All the World's an Office
With its explosive economy and billion-plus population, China has an almost-magnetic pull for companies with global ambitions—and their employees. But China, as well as nearby Japan and South Korea, are tough places for foreign businesspeople to succeed, according to a new survey released Sept. 26 by executive management outfit Korn/Ferry International (KFY). The firm found that more familiar regions like Western Europe are more conducive to strong expatriate performance.
In its quarterly Executive Recruiter Index, the company asked 144 of its consultants about which overseas assignments are most appealing to executives. According to the survey, expatriates tend to turn in the best performances opening offices and in softer roles like "promoting better cultural understanding" and in advancing their own professional development. Those looking to find new business and address local workforce problems are more likely to struggle in unfamiliar surroundings.
EMERGING MARKET RISKS.
An overwhelming number of the respondents say experience living abroad is at least somewhat desirable in a job candidate. However, Tierney Remick, a Chicago-based senior client partner for Korn/Ferry, says any individual decision should be based on "a company's goals and how [those] tie to their goals for personal development." She points out that at companies like Coca-Cola (KO) and SC Johnson, international postings are traditional stops on the way to senior positions.
China commands immense attention from the international business community, but a job there doesn't necessarily translate into a great opportunity at every company, according to Remick. "Emerging markets are the highest risk but [have the] highest potential for great visibility when it's done well," Remick says. "[Candidates] have to weigh 'Why does the company want them to go there?'"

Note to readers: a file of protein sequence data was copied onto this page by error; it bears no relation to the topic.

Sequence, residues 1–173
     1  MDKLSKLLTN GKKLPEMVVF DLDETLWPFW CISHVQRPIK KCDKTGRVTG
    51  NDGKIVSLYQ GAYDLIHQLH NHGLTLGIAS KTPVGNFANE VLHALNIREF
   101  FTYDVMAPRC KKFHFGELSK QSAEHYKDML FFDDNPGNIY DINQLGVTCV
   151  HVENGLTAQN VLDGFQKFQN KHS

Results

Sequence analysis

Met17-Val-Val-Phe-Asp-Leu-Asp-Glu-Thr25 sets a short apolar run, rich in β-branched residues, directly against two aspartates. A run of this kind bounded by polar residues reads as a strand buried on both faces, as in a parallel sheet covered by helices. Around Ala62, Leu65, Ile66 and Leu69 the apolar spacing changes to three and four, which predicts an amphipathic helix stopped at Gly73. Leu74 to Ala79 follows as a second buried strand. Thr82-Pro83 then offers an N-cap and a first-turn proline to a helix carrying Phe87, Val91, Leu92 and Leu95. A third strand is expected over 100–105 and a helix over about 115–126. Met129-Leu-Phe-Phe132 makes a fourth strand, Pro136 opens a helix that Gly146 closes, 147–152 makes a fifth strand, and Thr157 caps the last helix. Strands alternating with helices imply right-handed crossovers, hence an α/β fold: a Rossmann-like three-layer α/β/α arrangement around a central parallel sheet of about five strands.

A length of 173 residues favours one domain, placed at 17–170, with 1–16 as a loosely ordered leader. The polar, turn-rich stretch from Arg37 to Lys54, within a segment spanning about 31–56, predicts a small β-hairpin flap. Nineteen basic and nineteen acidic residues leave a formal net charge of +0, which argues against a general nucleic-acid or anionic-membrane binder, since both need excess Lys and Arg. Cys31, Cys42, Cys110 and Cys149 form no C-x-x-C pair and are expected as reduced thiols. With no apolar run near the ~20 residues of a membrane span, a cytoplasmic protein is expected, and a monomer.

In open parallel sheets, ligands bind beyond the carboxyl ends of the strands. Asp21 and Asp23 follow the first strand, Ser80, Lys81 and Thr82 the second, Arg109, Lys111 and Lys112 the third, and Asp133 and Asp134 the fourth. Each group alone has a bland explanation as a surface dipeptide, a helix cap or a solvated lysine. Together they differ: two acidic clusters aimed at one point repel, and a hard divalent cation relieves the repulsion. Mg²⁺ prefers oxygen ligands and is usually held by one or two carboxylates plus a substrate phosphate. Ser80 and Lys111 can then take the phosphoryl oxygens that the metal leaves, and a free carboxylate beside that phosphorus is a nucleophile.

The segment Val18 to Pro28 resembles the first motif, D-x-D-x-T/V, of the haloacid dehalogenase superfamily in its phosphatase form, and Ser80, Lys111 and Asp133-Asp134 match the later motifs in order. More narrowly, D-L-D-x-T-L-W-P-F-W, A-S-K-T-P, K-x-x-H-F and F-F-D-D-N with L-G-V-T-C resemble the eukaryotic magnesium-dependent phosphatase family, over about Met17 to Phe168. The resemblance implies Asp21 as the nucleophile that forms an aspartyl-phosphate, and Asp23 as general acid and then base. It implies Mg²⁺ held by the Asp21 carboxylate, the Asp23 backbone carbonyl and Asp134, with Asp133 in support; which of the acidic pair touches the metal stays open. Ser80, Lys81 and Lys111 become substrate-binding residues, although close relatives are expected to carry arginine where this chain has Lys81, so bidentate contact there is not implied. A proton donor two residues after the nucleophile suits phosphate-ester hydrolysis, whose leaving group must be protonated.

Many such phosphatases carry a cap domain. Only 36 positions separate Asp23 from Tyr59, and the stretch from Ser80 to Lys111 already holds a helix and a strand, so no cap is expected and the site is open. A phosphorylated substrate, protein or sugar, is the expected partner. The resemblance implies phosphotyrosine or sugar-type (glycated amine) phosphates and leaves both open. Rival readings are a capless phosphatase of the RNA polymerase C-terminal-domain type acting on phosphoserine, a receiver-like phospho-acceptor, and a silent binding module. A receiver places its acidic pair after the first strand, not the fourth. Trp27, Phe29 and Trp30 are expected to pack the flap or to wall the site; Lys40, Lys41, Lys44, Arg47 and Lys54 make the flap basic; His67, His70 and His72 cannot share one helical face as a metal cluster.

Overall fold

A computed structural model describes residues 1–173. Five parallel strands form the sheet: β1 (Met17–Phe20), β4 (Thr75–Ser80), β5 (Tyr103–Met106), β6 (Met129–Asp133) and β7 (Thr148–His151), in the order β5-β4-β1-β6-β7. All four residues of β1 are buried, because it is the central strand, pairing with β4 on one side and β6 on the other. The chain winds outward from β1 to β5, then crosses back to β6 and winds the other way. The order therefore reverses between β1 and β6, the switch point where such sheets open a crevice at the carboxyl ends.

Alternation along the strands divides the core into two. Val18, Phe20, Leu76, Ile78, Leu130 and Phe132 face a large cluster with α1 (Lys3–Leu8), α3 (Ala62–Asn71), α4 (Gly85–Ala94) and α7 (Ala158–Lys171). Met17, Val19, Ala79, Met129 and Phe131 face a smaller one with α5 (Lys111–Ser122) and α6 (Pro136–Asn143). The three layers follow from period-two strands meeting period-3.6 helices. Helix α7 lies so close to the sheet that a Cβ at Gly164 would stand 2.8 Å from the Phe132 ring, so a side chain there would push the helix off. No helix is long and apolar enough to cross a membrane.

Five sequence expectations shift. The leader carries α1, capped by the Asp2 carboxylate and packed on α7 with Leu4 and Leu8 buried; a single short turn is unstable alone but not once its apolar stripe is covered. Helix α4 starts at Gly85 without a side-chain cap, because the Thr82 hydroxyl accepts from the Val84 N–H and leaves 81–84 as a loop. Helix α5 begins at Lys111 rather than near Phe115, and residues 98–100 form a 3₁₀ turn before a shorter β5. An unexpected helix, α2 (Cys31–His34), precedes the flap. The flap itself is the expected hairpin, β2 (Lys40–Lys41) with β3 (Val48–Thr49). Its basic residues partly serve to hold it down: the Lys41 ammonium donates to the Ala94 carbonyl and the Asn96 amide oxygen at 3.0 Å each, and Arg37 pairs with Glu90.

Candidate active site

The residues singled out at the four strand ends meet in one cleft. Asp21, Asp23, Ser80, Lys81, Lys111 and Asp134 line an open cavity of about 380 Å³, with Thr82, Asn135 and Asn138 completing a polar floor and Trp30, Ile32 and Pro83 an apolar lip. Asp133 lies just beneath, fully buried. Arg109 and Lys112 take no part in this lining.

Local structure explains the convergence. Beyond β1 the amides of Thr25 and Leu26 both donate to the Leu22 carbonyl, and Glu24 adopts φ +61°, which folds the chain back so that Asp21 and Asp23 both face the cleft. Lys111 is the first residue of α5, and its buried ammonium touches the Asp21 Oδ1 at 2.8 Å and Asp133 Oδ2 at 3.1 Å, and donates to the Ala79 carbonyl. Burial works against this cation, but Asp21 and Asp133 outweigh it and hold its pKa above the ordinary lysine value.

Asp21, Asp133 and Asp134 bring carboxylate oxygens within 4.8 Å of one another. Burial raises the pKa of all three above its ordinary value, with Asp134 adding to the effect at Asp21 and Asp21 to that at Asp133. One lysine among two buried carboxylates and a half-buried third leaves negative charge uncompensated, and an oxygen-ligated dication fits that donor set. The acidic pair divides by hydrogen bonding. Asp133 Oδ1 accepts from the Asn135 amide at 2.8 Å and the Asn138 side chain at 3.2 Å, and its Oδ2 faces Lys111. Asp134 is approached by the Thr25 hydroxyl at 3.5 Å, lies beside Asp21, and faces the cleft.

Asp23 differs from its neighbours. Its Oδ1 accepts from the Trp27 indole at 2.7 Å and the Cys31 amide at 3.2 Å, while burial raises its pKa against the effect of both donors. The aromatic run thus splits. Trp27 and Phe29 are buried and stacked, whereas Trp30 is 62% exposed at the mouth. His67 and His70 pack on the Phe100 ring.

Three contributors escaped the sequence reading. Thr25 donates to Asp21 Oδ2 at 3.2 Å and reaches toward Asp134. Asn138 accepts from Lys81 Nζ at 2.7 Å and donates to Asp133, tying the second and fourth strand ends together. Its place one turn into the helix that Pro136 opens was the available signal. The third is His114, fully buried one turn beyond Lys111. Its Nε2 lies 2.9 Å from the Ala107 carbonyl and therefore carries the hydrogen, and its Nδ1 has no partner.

Some people may want to live abroad for reasons independent of their careers, she says. And the survey should give pause to those unsure whether living in a foreign country is right for them. The report says the ideal length of an overseas assignment is just over two and a half years.
CHINA VS. INDIA.
In terms of China, the survey is "right on the mark," says Ker-Wei Pei, associate dean for Asia-Pacific programs at Arizona State University's W.P. Carey School of Business. "Expatriates are very good at setting up the infrastructure," he says, but they "only know how to replicate the formula that makes their company successful elsewhere." Also, foreigners often underestimate the diversity of the immense Chinese market.
Like China, India has a huge population and a rapidly growing economy, and an even stronger tradition of speaking English. Even so, survey respondents didn't think the other Asian giant is as attractive to expatriates.
Pei agreed with that assessment as well. "China has invested enormously in infrastructure," Pei says, at least in major cities like Beijing and Shanghai, which makes it comparably easy for Westerners to transplant their lifestyle.
LOOKING FOR AMENITIES.
By contrast, India's comparable lack of infrastructure means that outside of tech-heavy cities like Bangalore, executives are less likely to find the sort of social networks and amenities they are accustomed to. Remick says expatriates might also prefer China because multinationals are more likely to have their Asian headquarters there.
The survey found that other difficult places for outsiders include the "non-Gulf" Middle East, Eastern and Central Europe, and South America. All over, it finds that "lack of cultural fit" is the No. 1 cause of poor performance from expatriates. Other leading causes included personal and family problems and a lack of direction. Employers, it seems, shouldn't let out of sight mean out of mind.
Not surprisingly, the survey also finds that executives want to give a wide berth to politically chaotic regions, as well as those they find too insular. Respondents overwhelmingly selected Africa and the Middle East as the toughest places to lure talent.